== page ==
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Vossbrinck v. Eckert Seamans Cherin and Mellot, LLC

United States District Court, D. Connecticut

March 14, 2018



          Vanessa L. Bryant, United States District Judge

         Plaintiff Karl Paul Vossbrinck (“Plaintiff” or “Mr. Vossbrinck”), brings this action against Defendant Eckert Seamans Cherin and Mellot, LLC (“Defendant” or “Eckert Seamans”) for claims of replevin under Conn. Gen. Stat. § 52-515, civil theft under Conn. Gen. Stat. § 52-564, common law conversion, and deprivation of rights in violation of 42 U.S.C. § 1983. The case was initially filed in Connecticut state court but was properly removed under both diversity and federal question jurisdiction. See Dkt. 1-1 (Notice of Removal) at 4]. Defendants have moved to dismiss the case in its entirety pursuant to Fed.R.Civ.P. 12(b)(6) on the basis that Plaintiff's claims are time-barred and that the Plaintiff has failed to adequately plead each claim. For the reasons that follow, Defendant's Motion to Dismiss is GRANTED.

         I. Background

         The following facts and allegations are taken from the Complaint and assumed to be true for the purpose of this motion. This action arises out of a foreclosure of a mortgage on Plaintiff's home brought by Accredited Home Lenders, LLC (“Accredited”) and Deutsche Bank National Trust Company, as Indenture Trustee, on behalf of The Holders Of The Accredited Mortgage Loan Trust 2005-4 Asset Backed Notes the successor in title to the mortgage and note. See Accredited Home Lenders, Inc. (Deutsche Bank) v. Vossbrinck, judicial district of Waterbury, Docket No. CV-08-5007144-S; see also Vossbrinck v. Accredited Home Lenders, Inc., No. CV125016343S, 2016 WL 3266384, at *1 (Conn. Super. Ct. May 26, 2016) (recognizing successor in title). Defendant Eckert Seamans is the law firm that represented Accredited in the foreclosure and Attorney Geraldine Cheverko (“Attorney Cheverko”) is associated with the law firm.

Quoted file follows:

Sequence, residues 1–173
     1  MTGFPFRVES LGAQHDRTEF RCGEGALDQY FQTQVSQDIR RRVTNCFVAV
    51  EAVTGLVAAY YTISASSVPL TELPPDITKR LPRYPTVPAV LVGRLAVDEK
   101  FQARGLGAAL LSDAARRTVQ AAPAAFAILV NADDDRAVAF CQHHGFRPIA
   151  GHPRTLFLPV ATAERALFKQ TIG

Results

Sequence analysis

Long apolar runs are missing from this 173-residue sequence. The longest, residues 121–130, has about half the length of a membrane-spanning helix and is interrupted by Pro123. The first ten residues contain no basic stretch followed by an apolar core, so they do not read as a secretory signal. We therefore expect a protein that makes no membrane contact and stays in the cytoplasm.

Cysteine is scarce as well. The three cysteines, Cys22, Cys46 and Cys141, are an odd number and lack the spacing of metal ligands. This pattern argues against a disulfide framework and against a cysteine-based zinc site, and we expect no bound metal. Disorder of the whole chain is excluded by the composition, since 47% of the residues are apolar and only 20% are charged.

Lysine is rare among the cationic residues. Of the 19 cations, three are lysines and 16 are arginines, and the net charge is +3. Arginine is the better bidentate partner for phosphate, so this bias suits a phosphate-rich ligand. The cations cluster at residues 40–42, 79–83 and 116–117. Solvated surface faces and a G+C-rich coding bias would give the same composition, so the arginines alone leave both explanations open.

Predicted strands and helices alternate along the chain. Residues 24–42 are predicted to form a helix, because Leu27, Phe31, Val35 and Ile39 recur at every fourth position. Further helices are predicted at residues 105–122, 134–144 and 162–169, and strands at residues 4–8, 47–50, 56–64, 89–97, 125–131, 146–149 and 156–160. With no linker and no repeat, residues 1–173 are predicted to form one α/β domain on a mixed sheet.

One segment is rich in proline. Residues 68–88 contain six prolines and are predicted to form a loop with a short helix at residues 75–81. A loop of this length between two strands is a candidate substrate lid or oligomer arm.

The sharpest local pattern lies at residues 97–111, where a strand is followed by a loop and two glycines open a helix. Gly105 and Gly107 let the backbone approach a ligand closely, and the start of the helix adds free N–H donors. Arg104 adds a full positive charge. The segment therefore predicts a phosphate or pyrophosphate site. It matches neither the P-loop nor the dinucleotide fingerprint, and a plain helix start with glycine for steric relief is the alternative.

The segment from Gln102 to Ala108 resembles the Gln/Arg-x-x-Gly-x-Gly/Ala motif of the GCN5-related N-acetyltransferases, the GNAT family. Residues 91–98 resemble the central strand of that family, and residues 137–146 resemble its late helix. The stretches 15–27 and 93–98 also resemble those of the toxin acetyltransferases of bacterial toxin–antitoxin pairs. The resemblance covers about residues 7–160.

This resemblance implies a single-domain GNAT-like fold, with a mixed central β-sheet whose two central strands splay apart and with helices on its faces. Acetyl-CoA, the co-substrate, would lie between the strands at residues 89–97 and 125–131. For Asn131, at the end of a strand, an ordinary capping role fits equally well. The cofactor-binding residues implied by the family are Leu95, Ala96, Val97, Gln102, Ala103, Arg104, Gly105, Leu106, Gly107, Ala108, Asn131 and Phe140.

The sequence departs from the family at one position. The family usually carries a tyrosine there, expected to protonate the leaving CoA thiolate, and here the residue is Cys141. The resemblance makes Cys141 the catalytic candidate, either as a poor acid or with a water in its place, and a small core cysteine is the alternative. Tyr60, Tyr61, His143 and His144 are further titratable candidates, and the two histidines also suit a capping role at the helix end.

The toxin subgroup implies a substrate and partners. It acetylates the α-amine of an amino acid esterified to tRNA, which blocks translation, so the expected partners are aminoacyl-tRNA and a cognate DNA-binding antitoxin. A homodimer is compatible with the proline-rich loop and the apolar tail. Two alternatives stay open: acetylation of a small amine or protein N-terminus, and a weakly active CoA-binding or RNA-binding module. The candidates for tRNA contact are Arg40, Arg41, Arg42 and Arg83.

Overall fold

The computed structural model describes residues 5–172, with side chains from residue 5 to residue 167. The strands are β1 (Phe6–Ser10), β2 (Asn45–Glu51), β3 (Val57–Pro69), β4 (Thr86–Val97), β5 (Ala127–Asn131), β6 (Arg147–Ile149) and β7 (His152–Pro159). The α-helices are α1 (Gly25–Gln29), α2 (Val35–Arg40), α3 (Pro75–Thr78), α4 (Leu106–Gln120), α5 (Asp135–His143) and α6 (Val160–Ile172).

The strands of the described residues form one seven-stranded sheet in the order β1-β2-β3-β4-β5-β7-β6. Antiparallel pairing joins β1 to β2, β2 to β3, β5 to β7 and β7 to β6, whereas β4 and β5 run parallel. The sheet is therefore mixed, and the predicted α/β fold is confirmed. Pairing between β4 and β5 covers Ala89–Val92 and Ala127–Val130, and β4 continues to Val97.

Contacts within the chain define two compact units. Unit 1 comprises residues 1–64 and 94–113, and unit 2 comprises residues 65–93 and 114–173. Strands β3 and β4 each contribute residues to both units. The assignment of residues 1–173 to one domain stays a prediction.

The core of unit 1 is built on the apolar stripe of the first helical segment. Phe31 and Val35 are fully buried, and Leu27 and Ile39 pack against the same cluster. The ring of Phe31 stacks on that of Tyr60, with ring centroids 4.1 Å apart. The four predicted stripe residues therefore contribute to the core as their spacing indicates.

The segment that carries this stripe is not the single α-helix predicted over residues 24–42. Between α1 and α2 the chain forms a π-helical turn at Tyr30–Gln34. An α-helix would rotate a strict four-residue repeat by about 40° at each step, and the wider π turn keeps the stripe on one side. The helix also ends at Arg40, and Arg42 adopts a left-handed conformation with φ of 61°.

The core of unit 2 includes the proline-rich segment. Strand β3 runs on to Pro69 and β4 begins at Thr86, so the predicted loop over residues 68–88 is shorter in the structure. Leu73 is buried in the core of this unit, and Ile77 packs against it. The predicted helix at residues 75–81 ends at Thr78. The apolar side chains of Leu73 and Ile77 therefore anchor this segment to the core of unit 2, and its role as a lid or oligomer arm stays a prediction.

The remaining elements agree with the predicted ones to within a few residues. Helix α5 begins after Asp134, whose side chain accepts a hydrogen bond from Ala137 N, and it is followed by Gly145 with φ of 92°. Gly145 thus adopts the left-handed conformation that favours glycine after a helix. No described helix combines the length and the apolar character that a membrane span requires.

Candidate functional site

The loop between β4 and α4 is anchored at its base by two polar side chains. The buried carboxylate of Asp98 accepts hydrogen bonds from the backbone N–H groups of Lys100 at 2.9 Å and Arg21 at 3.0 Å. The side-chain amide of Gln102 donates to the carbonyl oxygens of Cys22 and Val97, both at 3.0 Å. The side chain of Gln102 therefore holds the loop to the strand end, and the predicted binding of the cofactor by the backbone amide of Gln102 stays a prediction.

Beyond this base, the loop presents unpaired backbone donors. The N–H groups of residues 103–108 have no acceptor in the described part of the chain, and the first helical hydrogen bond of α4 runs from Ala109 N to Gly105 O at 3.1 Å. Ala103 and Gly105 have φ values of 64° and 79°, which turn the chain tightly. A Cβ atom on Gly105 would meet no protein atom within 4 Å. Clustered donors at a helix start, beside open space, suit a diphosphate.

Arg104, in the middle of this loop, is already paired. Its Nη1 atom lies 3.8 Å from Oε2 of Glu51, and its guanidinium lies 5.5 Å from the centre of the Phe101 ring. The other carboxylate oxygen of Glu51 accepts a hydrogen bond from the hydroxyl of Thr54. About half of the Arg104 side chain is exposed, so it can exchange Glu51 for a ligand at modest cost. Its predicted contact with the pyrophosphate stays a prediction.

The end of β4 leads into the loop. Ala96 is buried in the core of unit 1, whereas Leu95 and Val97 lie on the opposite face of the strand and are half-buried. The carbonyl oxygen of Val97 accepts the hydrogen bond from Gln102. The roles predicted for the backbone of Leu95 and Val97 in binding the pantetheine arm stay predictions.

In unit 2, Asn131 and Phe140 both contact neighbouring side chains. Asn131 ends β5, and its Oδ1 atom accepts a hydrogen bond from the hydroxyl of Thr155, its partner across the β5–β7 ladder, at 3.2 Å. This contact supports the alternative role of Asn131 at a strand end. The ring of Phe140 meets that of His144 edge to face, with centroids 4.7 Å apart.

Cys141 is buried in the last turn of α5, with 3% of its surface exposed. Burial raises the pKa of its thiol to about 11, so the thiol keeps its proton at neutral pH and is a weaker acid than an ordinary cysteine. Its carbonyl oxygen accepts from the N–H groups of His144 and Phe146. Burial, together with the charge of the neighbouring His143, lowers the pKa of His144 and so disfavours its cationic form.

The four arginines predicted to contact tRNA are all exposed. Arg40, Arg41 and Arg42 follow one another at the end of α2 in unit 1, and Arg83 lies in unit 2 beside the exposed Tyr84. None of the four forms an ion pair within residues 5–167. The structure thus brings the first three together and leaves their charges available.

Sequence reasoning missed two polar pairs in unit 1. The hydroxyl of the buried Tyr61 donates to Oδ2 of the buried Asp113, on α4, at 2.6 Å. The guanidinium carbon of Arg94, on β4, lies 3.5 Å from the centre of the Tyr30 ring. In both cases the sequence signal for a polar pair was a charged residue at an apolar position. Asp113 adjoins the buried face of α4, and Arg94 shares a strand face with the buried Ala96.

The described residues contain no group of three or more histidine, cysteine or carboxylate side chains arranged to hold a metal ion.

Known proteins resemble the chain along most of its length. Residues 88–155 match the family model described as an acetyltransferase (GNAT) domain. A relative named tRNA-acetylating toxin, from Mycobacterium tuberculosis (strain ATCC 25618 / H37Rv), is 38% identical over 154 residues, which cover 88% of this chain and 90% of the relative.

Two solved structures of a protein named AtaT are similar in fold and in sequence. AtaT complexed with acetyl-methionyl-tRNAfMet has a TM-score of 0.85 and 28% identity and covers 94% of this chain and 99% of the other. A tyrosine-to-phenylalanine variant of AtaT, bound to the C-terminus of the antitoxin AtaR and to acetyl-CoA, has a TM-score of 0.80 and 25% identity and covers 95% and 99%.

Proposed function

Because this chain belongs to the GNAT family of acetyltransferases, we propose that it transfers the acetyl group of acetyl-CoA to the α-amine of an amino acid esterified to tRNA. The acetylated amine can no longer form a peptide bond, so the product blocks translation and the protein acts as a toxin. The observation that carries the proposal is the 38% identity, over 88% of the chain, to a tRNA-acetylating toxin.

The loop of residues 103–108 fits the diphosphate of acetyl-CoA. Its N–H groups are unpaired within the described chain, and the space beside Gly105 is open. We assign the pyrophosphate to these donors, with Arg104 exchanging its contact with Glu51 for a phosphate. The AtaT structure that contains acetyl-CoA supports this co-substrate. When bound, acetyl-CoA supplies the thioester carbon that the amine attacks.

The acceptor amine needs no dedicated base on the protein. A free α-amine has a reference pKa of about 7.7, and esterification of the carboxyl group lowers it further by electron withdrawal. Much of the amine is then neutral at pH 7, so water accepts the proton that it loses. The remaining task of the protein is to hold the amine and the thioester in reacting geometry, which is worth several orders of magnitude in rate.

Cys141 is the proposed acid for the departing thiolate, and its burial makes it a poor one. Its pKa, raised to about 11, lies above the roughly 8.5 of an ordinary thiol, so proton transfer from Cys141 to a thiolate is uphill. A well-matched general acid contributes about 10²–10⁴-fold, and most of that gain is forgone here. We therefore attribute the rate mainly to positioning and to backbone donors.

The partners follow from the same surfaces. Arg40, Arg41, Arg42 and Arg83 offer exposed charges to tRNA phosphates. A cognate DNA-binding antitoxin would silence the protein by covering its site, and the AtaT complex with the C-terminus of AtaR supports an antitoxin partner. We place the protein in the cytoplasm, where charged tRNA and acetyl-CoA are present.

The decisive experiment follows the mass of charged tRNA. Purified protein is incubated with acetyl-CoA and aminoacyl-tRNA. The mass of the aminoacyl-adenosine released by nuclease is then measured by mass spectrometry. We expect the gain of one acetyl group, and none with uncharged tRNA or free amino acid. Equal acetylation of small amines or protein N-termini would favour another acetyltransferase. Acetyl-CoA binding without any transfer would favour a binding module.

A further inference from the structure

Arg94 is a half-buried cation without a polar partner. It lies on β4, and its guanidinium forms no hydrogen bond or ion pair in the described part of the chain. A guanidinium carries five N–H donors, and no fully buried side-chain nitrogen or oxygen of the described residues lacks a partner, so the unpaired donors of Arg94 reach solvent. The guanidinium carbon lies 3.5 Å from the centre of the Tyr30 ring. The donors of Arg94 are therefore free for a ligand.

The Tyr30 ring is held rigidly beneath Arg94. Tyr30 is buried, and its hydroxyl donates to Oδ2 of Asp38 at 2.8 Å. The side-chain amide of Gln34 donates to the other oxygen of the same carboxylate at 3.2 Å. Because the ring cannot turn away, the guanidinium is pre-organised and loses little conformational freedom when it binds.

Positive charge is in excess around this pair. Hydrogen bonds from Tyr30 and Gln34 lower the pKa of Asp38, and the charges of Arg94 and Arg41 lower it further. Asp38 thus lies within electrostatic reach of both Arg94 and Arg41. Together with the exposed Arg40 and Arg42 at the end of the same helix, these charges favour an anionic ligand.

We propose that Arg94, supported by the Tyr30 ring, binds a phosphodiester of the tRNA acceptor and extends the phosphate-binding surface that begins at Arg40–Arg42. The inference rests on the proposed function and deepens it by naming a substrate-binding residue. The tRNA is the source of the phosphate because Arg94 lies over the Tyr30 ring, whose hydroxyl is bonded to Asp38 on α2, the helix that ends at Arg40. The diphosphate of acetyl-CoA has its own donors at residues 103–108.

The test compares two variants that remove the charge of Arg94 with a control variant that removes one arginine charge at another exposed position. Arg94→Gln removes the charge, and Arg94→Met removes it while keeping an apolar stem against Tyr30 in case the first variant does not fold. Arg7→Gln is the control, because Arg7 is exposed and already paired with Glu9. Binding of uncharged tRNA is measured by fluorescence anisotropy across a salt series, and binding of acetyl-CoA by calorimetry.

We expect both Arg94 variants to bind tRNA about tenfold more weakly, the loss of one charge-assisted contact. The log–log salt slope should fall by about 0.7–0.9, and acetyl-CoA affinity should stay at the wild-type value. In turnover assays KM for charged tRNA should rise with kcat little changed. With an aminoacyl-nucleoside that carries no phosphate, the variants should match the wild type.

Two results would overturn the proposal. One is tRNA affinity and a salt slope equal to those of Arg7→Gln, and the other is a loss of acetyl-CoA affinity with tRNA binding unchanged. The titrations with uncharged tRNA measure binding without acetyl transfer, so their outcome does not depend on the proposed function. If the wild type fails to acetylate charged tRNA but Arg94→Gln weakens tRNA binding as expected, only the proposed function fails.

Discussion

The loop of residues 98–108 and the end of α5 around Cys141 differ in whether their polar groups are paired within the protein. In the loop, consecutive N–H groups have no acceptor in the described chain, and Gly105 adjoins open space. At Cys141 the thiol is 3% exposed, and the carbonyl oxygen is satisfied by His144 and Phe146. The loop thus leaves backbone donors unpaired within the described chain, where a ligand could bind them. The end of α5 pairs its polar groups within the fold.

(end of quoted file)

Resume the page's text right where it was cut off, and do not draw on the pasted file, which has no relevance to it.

On June 21, 2011, an Order of Strict Foreclosure was granted against Mr. Vossbrinck and a law date was set for August 23, 2011. [Dkt. 1-1 (Compl.) ¶ 1]. The Complaint does not allege that Mr. Vossbrinck redeemed legal title by the law day[1] or vacated the premises. See Id. ¶¶ 1-2. An Order of Ejectment was issued on August 13, 2012. Id. ¶ 2. Attorney Cheverko of Eckert Seamans “was in contact with” Ms. Estelle Stevenson of Prudential Real Estate (“Ms. Stevenson”), Marshal Brian Hobart, (“Marshal Hobart”) and Select Portfolio Servicing and Safeguard Properties. Id. ¶ 3. Plaintiff claims Attorney Cheverko instructed these individuals to eject Mr. Vossbrinck from the foreclosed premises. Id.

         On or about October 2, 2012, Marshal Hobart appeared at Plaintiff's house, and instructed him to collect his belongings within an hour and vacate the premises. Id. ¶ 4-5. Marshal Hobart and Officer Tierney of the Southbury Police Department instructed Mr. Vossbrinck he could not return under any circumstances. Id. ¶ 4-5. Attorneys Julie Beth Vacek and Dorothy Davis, both of Eckert Seamans, were present during the ejectment. Id. ¶ 5. The ejectment lasted about five days and Mr. Vossbrinck vacated the premises by the end of the week. Id. ¶ 6.

         The Complaint alleges Plaintiff did not remove all of his belongings from the premises at the time he vacated, and among the items he left were photographs, a commercial range, a washing machine and dryer, a full kitchen in two downstairs guest apartments, and a wood burning stove. Id. ¶ 16. Plaintiff's Objection to the Motion to Dismiss includes photographs of some of the belongings he left behind. [Dkt. 13-1 (Opp'n Ex. 1, Photographs)]. Those photographs depict the two kitchens which appear to be installed on the premises, an exercise machine, cord wood, two metal shelf systems containing cleaning products and other assorted consumer items, a furnace, a hot water heater, and an oil tank. Id. Also depicted is a storage tent located on the grounds of the premises constructed on a concrete block linear foundation. Id. Under the tent was a pallet, a milk crate, and assorted items lying in disarray on the bare ground. Mr. Vossbrinck alleges the intrinsic or replacement value of Plaintiff's belongings remaining after the ejectment “was in excess of $200, 000.” [Dkt. 1-1 ¶ 18].